LOUD Booms and Shaking Homes. Extremely Bright Fireball In The Sky!

page: 3
26
<< 1  2   >>

log in

join

posted on Oct, 31 2012 @ 02:34 PM
link   

Originally posted by iforget
I guess that depends on how you define fireball


I always use the technical definition:


A fireball is another term for a very bright meteor, generally brighter than magnitude -4, which is about the same magnitude of the planet Venus in the morning or evening sky.

Source: The American Meteor Society Fireball FAQs


Originally posted by iforget
thanks for filling some of the blanks


You're welcome.


Originally posted by iforget
I left good information all around


Yes. I gave you a star even though I thought your post was not "perfect", but I think anyone who encourages others to go out an look deserves a pat on the back




posted on Oct, 31 2012 @ 03:02 PM
link   

Originally posted by innervision0730
I am surprised NASA didn't see it coming


See my post here for an explanation.

Basically its because relatively small meteoroids/asteroids like the one that caused the booms in this case do not reflect much light, so they are hard to spot even if they are quite close, and impossible to spot when they are a long way off.

At this kind of size they do not pose much threat (if any) anyway, so it is better to direct resources to size range of objects that do pose a threat to us.



Originally posted by innervision0730
I'm not sure if it hit anywhere yet but they are still investigating it, it will probably take a few days to week to find it. Heck, it could be in the middle of an open field. Whoever finds it will be so lucky!


In the vast majority of cases objects like this one don't hit the ground with significant force, if that's what you were implying. Our atmosphere is very good at slowing them down, and in fact, most objects like this break up 10's of km above the ground. Any pieces that survive the breakup are rapidly slowed down, and fall to the ground harmlessly after having spent a few minutes falling through the air. See this link for lots more info on the subject.

In this case it was reported that doppler radar detected debris from the break up falling, so there is a very good chance that something will be found soon. I'm sure meteorite hunters are already homing in on the area.



posted on Oct, 31 2012 @ 04:20 PM
link   
If it had been orange, I could tell you exactly what that was ,,,,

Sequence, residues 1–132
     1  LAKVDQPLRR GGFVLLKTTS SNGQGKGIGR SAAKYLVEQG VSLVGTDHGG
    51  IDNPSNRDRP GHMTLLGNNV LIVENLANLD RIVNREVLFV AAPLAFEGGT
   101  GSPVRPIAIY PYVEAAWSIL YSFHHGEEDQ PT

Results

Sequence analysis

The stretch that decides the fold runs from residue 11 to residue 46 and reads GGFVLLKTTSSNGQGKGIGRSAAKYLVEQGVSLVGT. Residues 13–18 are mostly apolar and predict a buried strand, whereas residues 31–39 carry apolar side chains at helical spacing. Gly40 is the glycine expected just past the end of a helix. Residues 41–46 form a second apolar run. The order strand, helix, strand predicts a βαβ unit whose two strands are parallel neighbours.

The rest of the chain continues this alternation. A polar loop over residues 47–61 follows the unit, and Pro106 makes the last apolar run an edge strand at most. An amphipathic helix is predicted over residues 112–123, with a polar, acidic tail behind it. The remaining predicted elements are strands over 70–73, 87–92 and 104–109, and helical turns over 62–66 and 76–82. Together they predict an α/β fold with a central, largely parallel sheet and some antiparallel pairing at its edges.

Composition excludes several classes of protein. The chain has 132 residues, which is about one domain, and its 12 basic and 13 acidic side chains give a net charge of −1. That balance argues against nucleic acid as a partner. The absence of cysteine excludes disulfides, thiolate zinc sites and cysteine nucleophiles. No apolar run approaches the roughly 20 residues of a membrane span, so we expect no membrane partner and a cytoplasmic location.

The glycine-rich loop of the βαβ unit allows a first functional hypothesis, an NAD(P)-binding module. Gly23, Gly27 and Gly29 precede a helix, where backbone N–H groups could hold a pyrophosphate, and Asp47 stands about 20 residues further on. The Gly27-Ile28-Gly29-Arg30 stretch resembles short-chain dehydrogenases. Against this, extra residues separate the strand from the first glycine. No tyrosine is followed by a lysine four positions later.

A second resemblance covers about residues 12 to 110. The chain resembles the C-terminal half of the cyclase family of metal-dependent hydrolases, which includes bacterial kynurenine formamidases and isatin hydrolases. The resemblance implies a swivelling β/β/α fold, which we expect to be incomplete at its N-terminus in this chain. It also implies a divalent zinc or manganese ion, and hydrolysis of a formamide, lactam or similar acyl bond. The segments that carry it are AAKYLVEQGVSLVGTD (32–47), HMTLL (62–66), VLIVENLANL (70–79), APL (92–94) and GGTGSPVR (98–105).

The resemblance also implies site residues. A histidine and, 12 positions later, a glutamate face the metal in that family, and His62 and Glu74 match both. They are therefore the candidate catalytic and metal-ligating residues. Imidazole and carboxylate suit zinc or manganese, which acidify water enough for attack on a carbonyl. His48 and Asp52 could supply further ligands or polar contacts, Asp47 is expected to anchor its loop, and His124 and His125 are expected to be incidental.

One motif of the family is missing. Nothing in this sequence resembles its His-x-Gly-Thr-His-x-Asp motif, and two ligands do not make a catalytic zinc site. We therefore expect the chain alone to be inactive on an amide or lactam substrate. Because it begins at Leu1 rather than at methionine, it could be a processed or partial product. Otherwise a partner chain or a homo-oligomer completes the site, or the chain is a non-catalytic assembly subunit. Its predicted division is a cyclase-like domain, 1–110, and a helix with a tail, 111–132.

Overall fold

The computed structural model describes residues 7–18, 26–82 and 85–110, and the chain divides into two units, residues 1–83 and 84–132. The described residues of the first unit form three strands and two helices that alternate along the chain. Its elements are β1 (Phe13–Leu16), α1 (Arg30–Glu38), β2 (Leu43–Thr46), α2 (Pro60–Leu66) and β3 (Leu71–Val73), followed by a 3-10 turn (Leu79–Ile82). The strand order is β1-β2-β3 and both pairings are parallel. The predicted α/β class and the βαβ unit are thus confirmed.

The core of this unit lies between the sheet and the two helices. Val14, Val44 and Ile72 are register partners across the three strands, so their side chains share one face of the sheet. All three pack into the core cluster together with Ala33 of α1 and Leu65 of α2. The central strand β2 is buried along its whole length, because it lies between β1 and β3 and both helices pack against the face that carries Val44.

THE GREAT PUMPKIN !!!



posted on Nov, 1 2012 @ 07:37 AM
link   

Originally posted by innervision0730
reply to post by Tazkven
 


That's why people should live their lives to the fullest.


Well said and I couldn't agree more



posted on Nov, 1 2012 @ 07:01 PM
link   
Ok this is ATS so i'm gonna go there... here's the thing.. the RAINBOW incident.. seems very odd esp since it occured just before the "meteorite" in question. Yet no one's around here seems to think it's odd and out of place? could the meteorite be the cover story for this one? After all you can only have so many exploding bunkers and space junk stories to go around.
I know nothing about beams and particle rays but COME ON! this one screams WEIRDNESS!! 4 in one month.. ( all with sonic booms and cover stories) and this is NORMAL skies? nnnnoooo i don't normally hear fireballs from the sky stories nor have i seen that many in one month... Come on Ats you have theories let's hear em!



posted on Nov, 1 2012 @ 07:56 PM
link   
reply to post by gnosticagnostic
 


Yes, very odd for sure considering the frequency of the meteorites lately. I just can't seem to find the correlation between the two. The rain droplets act like a prism and separate otherwise incoherent light (which appears white to us) into the separate colors of the spectrum, so I would say there does have to be rain, or at least droplets of moisture somewhere in the air. With hurricane Sandy making her big entrance, perhaps that had something to do with it? Has there been rainbows with other meteor sightings?



posted on Nov, 1 2012 @ 10:20 PM
link   
reply to post by innervision0730
 
i don't believe so but then i think they other 3 were all at night... i could be wrong though



posted on Nov, 2 2012 @ 02:09 AM
link   

Originally posted by gnosticagnostic